A comment I wrote at the previous post.
I think that when one kneels to a priest, one is recognising that he is a conduit of God’s power. For example, His forgiveness in Confession or the priest’s power to give a blessing from God. I did kneel once to kiss the newly-consecrated hands of a priest, along with other members of that Latin Mass congregation. But that was to honour his priestly power from God, not the man.
I suppose one could argue that the father and husband is the “priest” of the family. I certainly feel that. But not perhaps in the formal sacerdotal sense.
I believe a wife should respect her husband, in line with scripture, but she is respecting his headship, not Christ himself, although he represents Christ in a sense. The danger of idolatry lies in her putting her husband in the place of Christ. It is a delicate balance.
My reading of the New Testament is that a wife should at least do two things. 1) Call her husband by a respectful title (“husband” will do – NOT “partner”). 2) Show him reasonable deference in line with societal norms (as my wife said to someone today, “I married him and I took his name”). I believe that reasonable deference can include things like seating her husband at the head of the table, for example.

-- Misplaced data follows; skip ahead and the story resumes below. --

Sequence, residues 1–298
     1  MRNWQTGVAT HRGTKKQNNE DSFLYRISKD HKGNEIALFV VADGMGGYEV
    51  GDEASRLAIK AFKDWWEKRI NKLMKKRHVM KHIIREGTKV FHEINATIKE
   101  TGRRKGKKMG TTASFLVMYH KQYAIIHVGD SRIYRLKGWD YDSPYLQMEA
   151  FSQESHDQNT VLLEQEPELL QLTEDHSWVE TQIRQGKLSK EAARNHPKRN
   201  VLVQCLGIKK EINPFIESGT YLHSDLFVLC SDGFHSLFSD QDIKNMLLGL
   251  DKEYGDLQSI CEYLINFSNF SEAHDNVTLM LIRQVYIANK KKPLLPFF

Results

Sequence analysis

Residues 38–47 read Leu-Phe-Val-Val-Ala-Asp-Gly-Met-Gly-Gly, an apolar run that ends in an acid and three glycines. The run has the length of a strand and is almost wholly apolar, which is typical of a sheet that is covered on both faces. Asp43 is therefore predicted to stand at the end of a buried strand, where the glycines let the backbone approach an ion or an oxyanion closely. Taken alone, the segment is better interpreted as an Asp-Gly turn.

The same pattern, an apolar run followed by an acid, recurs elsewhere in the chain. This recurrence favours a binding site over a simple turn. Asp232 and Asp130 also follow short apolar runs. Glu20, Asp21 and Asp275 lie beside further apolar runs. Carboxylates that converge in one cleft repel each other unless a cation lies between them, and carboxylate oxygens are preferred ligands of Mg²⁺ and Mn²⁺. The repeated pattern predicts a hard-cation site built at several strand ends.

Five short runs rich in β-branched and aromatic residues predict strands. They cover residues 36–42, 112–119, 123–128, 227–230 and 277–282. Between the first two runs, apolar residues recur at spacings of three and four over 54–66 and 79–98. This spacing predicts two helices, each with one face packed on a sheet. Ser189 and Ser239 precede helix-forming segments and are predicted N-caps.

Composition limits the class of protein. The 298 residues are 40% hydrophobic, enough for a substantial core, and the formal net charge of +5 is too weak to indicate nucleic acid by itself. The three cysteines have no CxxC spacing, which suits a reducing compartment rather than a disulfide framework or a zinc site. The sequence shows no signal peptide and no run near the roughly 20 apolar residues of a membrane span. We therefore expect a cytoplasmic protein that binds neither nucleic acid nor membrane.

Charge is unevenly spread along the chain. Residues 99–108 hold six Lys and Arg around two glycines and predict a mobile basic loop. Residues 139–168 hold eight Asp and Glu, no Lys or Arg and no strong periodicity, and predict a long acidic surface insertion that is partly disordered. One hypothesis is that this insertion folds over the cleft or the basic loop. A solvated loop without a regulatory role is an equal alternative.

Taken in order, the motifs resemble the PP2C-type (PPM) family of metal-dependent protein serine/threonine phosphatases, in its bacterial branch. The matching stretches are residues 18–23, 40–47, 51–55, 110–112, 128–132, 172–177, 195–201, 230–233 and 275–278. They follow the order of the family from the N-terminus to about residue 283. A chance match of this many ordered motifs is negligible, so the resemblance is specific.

(I understand that in the old Sarum Rite of marriage, the wife would kiss the right foot of her husband. This is the kind of thing that would no longer be culturally appropriate.)
Kneeling to her husband seems outside normal cultural practices to me. And it is too easily confused with idolatry. Another problem is that it is too easily confused with a sexual act. There is nothing wrong with bedroom behaviour which enhances the natural roles and hierarchy in a marriage; but something that is appropriate in the bedroom is not necessarily appropriate outside it.